master gardeners

Applications Due Soon: 2024 Master Gardener Program

Applications are due on October 13, 2023 for the Master Gardener Program.

three women in a shed with vegetables and blueberries harvested from gardenDo you enjoy horticulture and want to expand your knowledge and also help others? Apply for the 2024 UConn Extension Master Gardener program.  Applications are due October 13, 2023 and classes begin on January 8, 2024. Class locations for 2024 are Stamford, Norwich, Torrington, New Haven, and online.

Students enrolled in this program receive training in an extensive range of horticultural and environmental topics, including botany, plant pathology, entomology, integrated pest management (IPM), herbaceous and woody ornamentals, fruits, vegetables, turfgrass, invasive plants, and diagnostic techniques for the home gardener.

“I have to say that the quality of the instruction was exceptional. Many of the topics brought me back to my time at UConn as a plant science major, classes that took a semester condensed to a single class,” said Althea Langer, a program graduate. “My outlook on my own garden and those of others has definitely been impacted by this course. I’m much more aware of nature and that we need to be guardians of it by how we all treat our own small spaces.”

UConn Extension Master Gardeners are willing to share their knowledge, passion and enthusiasm with their communities, providing research-based information to homeowners, students, gardening communities and others. They receive horticultural training from UConn, and then share that knowledge with the public through community volunteering and educational outreach efforts. UConn Master Gardeners help with community and museum gardens, school gardens, backyard projects, houseplant questions and more.

“The program provides the opportunity for beginner, intermediate or experienced gardeners to increase their personal knowledge of the practice of gardening … The program allows you to meet with like-minded people over a common interest – growing plants,” said Ken Sherrick, an Advanced Master Gardener.

The program fee is $495.00 and includes all needed course materials. Partial scholarships may be available, based on demonstrated financial need.

Full UConn Extension Master Gardener program course details and information and the application is available at s.uconn.edu/apply.

Cultivating Education and Food Security with the Master Gardeners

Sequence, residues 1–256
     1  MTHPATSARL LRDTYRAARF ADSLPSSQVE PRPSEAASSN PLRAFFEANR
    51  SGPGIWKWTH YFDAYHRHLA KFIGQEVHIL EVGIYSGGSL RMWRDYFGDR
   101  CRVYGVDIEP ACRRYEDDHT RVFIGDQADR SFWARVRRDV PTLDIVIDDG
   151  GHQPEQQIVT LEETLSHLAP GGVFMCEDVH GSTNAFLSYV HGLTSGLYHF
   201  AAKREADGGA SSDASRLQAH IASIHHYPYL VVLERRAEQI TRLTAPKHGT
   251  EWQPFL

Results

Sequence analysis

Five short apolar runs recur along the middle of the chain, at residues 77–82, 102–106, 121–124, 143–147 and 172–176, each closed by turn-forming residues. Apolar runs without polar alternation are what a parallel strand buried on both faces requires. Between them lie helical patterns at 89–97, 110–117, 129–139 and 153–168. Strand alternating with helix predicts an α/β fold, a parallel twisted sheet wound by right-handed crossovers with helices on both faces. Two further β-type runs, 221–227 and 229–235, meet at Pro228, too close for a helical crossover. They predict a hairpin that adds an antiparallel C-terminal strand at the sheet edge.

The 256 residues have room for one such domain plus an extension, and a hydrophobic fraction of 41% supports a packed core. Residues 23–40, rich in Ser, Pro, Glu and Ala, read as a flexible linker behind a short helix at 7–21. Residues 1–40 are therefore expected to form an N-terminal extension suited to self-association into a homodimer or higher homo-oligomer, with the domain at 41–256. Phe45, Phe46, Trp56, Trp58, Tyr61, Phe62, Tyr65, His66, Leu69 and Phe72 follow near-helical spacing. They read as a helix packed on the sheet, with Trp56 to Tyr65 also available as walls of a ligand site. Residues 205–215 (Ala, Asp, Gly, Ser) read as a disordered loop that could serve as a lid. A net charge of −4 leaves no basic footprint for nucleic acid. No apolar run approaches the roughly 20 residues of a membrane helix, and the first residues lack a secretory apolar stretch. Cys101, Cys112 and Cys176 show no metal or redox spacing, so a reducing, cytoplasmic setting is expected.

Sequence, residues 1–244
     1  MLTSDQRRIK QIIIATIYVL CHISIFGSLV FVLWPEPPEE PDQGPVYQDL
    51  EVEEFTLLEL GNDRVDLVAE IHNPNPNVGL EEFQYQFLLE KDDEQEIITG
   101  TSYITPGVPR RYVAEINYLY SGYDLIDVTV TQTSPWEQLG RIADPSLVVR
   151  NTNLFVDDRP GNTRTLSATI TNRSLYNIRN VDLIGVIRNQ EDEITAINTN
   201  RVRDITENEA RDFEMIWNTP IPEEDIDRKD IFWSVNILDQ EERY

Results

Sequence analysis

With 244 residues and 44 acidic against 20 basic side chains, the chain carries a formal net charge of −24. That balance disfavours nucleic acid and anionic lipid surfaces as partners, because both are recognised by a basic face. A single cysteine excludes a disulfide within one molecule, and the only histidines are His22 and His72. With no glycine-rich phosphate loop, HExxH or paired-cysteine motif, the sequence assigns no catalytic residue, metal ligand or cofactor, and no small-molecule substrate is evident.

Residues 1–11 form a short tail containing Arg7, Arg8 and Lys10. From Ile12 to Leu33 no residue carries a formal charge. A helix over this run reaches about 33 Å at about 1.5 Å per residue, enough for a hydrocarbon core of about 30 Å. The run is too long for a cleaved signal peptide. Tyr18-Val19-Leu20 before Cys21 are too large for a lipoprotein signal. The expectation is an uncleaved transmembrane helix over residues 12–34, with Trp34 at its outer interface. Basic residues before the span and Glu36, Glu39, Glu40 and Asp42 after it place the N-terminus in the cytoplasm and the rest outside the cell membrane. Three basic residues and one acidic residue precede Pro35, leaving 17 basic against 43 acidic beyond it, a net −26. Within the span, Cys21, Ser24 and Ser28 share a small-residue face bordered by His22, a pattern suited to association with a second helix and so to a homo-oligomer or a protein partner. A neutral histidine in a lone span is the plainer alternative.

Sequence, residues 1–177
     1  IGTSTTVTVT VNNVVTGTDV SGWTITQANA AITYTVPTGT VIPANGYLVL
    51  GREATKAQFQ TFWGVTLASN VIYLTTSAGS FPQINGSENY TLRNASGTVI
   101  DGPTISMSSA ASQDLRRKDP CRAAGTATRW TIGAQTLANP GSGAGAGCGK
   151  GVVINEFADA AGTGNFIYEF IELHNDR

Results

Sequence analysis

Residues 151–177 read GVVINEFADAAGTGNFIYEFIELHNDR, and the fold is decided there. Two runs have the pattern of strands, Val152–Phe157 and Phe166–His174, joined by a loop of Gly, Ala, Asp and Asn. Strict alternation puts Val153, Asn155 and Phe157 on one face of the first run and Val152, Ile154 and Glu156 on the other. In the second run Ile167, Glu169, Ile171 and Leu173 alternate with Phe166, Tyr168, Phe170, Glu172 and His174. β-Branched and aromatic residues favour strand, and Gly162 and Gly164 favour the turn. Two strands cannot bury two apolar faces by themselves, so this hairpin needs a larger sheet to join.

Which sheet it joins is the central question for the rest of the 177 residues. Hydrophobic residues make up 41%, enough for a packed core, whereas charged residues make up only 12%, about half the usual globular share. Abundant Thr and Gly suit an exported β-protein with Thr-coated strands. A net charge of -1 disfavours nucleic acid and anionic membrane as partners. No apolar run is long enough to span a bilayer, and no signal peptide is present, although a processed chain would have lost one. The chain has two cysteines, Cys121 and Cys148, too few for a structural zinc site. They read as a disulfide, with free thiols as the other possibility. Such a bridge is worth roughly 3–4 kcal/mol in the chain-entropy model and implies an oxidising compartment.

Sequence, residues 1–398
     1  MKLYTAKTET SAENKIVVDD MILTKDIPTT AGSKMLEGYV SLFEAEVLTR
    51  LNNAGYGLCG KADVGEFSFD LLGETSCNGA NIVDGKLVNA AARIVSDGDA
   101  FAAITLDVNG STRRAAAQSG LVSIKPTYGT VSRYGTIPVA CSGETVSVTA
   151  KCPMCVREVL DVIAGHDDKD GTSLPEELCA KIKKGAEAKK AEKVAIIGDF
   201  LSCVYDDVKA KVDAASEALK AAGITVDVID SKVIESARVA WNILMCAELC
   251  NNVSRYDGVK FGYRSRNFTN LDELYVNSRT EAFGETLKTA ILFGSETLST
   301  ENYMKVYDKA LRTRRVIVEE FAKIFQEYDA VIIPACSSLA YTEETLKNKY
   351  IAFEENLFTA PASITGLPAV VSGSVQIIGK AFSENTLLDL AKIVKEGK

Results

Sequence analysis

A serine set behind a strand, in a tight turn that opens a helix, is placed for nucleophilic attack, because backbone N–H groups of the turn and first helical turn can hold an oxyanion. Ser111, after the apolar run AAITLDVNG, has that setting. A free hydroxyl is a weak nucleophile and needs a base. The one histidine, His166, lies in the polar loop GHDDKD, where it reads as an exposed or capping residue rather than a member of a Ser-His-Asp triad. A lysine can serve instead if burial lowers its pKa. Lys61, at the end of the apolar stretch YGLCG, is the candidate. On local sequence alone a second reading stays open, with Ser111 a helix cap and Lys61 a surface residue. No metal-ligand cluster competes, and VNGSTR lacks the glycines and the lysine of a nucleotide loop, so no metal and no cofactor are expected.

fruit on a persimmon tree with green leaves in backgroundOn Monday, Wednesday, and Friday mornings from early spring through fall, you can find dedicated groups of Master Gardeners lovingly cultivating an organic Demonstration Vegetable Garden at the Fairfield County Extension Center site in Bethel. By summer, the garden is a beautiful oasis teeming with butterflies, and pollinators as volunteers harvest tomatoes, potatoes, beans, and other organic vegetables to donate to area food pantries. In addition to vegetables, the bountiful harvests include a variety of fresh herbs, and gorgeous annual flowers. Recently, the Master Gardeners have collaborated with Extension’s Food and Nutrition EFNEP and SNAP-Ed programs to provide clients with nutritious recipes in both Spanish and English to accompany their produce. Harvests continue all season long and food pantry drop offs are rotated to share the bounty. Among the area organizations who benefit from the donations are the Brookfield Food Pantry, Faith Food Pantry in Newtown, Daily Bread in Danbury, and the Bethel Food Pantry.

The 3,000 square foot garden was started in 2013 by a group of Master Gardener interns excited to assist food insecure clients, and at the same time educate the public about Integrated Pest Management (IPM) and best garden practices. Each year additional Master Gardeners have joined the group and added to the garden’s infrastructure. The garden now has numerous raised beds, an irrigation system, tunnels to protect brassica crops from cabbageworms, and a blueberry enclosure to keep hungry birds at bay.

Advanced Master Gardener, Andrea Sarnik, began working in the garden in 2018. In 2020, Andrea joined Barbara Stauder as a project co-captain. Andrea explains, “The garden’s primary mission is to serve as an educational tool. It does that in a multitude of ways. The garden itself is a showcase of many varieties of vegetables, fruit, herbs, and flowers. We receive many visitors on Saturdays when we open the garden during the Farmer’s Market. Visitors get ideas on things they might try and get answers to questions regarding gardening from the Master Gardener volunteers. The garden is marked with signs identifying the crops and informational signs such as companion planting and integrated pest management.”

In addition to the educational signage, a small rain garden display hugs the garden shed and a rain barrel system catches water from its roof. A three-bin compost system sits just outside thegraph showing garden produce totals from 2017 through 2022 garden gate. This garden is definitely all about education, but clients are not the only ones who benefit. New interns join the group each year as they pursue their Master Gardener certification. As Andrea Sarnik adds, “Master Gardener interns obtain a broad array of information from the more senior Master Gardeners and even the seasoned gardeners continue to learn as they encounter issues and exchange information.”

Each winter the group of about 30 volunteers meet to plan for the new season. They work to extend the season by careful planning, incorporating more early and late blooming crops, seeking out pest and disease resistant varieties, and discussing other ways to increase harvests and productivity. The enthusiastic group weighs their harvests and tracks their crops with numerous spreadsheets, noting weather and pest issues. “Most years show an increase in total pounds of produce donated with our current top year total of 1365 pounds,” Andrea remarks. Clearly, the Master Gardener’s methods are successful.